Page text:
I will never forget the day. My freshmen year of college, one of my required classes was English Literature. Honestly, I was less than thrilled. English Lit was not on my bucket list.
It was a cold afternoon in Ohio and I hustled from my dorm to beat the train going through the campus. I arrived early enough to find a good seat at the "back" of the room. (Yes, that's right, in those days I was a back seater student. The last thing I wanted was to get stuck in the front :-)
The professor walked in a few minutes late, cooly strolling in wearing a tweed jacket looking a lot like Jack Black would today.
In a passionate voice he introduced himself glancing at his new students in the room. "Welcome everyone! I am your Professor, Dr. Davis. But rather than thinking of me as yet another teacher, think of me as a GUIDE on your journey."
I looked around the room to see...
My wife and I recently binge watched all 9 episodes of Squid Games over the period of a week. We were introduced to it by our son and daughter-in-law, when we were visiting them in Boston.
The Squid Games offers three choices that I want to share with you that can shape your life and those around you. These are Take Aways that I encourage you to look out for and to use in life and leadership. These are some of redeeming elements from watching the series – to help you and me live with greater focus and passion – and greater success. I’ll do my best to not share any spoilers, but if I do – I will try to warn you first.
Here are the lessons:
This Squid Games showed me the side of what life looks like when someone is down and out. It’s a biopic of our world in the midst of covid, and unrest. Each of the Green track suited characters in Squid Games (the players), including maybe even the Pink suited PlayStation / StormTrooper like workers...
If a picture tells a thousand words, what about a drone shot video?
I wanted to share with you my office view this week using a drone just above my family's modest mountain home in Colorado. While the internet keeps me connected on critical work items, I've taken a few breaks every now and then to connect with my mom who has been with me, or breath in the mountain air. One of those, was capturing some drone footage to start the day.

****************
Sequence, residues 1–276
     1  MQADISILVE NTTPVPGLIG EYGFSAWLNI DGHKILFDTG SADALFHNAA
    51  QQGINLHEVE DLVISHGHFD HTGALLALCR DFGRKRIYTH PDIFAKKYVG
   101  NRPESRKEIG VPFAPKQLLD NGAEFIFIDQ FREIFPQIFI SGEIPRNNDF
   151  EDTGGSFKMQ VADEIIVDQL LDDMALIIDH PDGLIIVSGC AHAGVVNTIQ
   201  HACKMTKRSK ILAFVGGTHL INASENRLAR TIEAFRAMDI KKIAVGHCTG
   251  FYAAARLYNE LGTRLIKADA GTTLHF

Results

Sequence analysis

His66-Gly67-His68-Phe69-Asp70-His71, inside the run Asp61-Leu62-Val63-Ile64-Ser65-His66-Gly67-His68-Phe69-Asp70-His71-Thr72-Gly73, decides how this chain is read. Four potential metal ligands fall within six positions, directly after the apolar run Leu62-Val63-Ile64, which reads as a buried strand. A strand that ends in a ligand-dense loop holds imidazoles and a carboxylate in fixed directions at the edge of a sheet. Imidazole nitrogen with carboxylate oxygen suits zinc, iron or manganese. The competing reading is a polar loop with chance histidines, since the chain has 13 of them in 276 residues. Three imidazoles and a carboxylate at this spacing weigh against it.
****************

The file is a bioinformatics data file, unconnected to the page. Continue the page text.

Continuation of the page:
Here's the video I created, featuring a song by indie artist Ben Porter with his piece called "Quiet". I hope this encourages you in some small way today.
It's been 10 years since we lost a great one. Someone who has impact the lives of almost everyone of us -- and this is true whether you are an apple fan or not.
I’ll never forget the day. I was in Orlando leading a Simulation forum with just over fifty people in the room. The conference chair unexpectedly poked her head in the middle of my session, quietly made her way to me with a clear look of concern.
“Paul. So sorry to interrupt, but the news is horrible. The World Trade Center was just hit by a plane, and so was the Pentagon.." She swallowed hard for air, and continued. "They believe it was terrorist attack. And they think there are terrorists still in the air.”
I couldn’t believe my ears. “Terrorist attack - still in the air.” I pondered.
Then she added, “We fear that there might still registered attendees flying to this workshop - on their way who may be on some of those planes.”
According to my math, our country is only 8 generations old. We're still pretty young. As such, we should never forget the importance of the 4th. It was a significant moment, a bold step of our past that will continually shape our future. We are still the land of the free, and the home of the brave.